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Forum topic by ProDrawerCom posted 07-27-2013 06:56 PM 819 views 0 times favorited 8 replies Add to Favorites Watch
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ProDrawerCom

13 posts in 1561 days


07-27-2013 06:56 PM

I’m building cabinets for my kitchen. It’s time now for a hinge decision. I thought all along I would simply go with a euro-style hinge from Blum. They seem to be every one’s choice. I bought several models for testing. They all use the 35mm pocket in the door. I discovered two things that I don’t like. One is a certain number of degrees of free-motion as the door is flung open. I don’t fling doors but this is the only way I can describe the problem. This free motion where there is no damping allows the door to hit against its stop and then bounce back to the degree wherein damping begins. It then rebounds back to the stop, and so forth. I called cabinetparts.com where I got the hinges and was told that they had no recommendations. I called Blum two or three times and was told that a certain expert would call me. He never did.

The second problem is that the door wants to stop before closing, assuming that you’re counting on inertia to complete the close. And I think almost everyone does even without slamming them. The snap-close model stops the closure when it comes in contact with the self-closing spring. The soft-close model stops closing when it comes in contact with the damper responsible for the soft close.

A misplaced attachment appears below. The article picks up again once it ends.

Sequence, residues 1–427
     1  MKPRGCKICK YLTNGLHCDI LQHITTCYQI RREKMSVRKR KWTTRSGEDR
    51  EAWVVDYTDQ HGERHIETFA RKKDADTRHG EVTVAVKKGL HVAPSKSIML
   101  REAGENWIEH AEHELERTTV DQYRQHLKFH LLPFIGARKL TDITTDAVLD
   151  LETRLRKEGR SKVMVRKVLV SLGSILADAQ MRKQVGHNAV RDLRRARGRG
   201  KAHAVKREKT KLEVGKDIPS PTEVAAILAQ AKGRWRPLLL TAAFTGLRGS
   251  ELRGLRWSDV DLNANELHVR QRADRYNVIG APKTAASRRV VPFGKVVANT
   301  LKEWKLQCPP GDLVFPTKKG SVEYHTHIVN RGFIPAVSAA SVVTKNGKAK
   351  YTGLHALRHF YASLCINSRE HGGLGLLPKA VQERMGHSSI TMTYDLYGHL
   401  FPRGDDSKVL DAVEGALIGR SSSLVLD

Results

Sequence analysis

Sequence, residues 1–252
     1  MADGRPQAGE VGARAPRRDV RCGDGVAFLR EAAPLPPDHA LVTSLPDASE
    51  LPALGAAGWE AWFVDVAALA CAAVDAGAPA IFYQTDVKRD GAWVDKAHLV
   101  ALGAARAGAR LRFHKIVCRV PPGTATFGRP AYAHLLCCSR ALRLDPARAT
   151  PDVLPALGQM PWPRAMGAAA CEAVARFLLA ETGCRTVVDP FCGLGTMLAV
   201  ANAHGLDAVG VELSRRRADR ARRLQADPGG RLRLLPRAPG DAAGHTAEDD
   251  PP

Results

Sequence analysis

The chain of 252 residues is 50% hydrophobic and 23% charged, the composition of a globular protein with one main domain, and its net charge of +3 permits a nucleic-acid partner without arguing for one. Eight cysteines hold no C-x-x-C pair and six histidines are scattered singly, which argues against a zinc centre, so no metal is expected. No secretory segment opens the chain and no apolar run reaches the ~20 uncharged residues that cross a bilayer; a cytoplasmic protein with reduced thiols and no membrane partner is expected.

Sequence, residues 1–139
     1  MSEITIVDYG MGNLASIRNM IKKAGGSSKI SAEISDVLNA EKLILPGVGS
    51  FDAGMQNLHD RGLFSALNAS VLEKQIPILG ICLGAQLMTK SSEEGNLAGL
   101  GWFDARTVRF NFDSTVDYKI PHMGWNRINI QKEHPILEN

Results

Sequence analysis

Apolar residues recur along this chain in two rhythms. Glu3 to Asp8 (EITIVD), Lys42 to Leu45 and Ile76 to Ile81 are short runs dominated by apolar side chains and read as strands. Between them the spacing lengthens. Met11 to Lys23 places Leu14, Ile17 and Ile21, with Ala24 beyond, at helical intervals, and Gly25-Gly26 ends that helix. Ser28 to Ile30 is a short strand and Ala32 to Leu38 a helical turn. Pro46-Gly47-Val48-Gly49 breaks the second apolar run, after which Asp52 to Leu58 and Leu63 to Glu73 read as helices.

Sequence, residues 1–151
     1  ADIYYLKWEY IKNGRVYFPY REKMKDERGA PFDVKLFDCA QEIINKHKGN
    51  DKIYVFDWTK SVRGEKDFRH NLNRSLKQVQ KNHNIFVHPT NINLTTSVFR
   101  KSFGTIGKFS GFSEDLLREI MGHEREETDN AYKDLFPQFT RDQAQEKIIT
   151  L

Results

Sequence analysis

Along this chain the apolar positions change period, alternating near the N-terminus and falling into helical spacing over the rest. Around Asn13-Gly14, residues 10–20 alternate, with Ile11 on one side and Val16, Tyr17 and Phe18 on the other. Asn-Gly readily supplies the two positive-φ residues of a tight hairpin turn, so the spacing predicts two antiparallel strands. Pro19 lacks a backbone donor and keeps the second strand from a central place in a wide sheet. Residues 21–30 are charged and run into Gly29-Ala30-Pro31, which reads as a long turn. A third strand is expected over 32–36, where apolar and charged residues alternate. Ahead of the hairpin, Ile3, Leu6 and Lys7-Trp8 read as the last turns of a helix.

This probably sounds petty, but I’d hate to find out later that there was a hinge that would eliminate these issues. If you have any experience with this, I’d appreciate your advice. Thanks.

Area 1 is where the door flops back and forth, Area 2 is where the door wants to stop when closing.


8 replies so far

View TCCcabinetmaker's profile

TCCcabinetmaker

930 posts in 1822 days


#1 posted 07-27-2013 07:03 PM

1. I prefer salice,they cost less and are easily of the same quality.
2. There are different types of hinges, and yes the way they swing that you are describing is an option, you probably want a self closing hinge instead of a free swinging hinge.
3. the hinges are designed for use with shelf bumps, however on this type of hinge you can also adjust the hinge in order to tweak how the door closes. You really don’t want the door to touch the face frame as finishes can stick and peel.

-- The mark of a good carpenter is not how few mistakes he makes, but rather how well he fixes them.

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ProDrawerCom

13 posts in 1561 days


#2 posted 07-27-2013 07:12 PM

Very interesting. I’m not sure I took one of your statements correctly though. ”... you can also adjust the hinge in order to tweak how the door closes.”

Are you saying that the Salice has this feature? Or, are you saying that I can adjust my Blums? My Blums have plenty of adjustments as I’m sure you know, but I don’t see any way of adjust them to get over the “hump” causing them to remain open when my wife tries to close the model I’ve built. If you’re talking about a Sallice feature that takes care of this problem—I’d sure like to have a link. Thank you very much.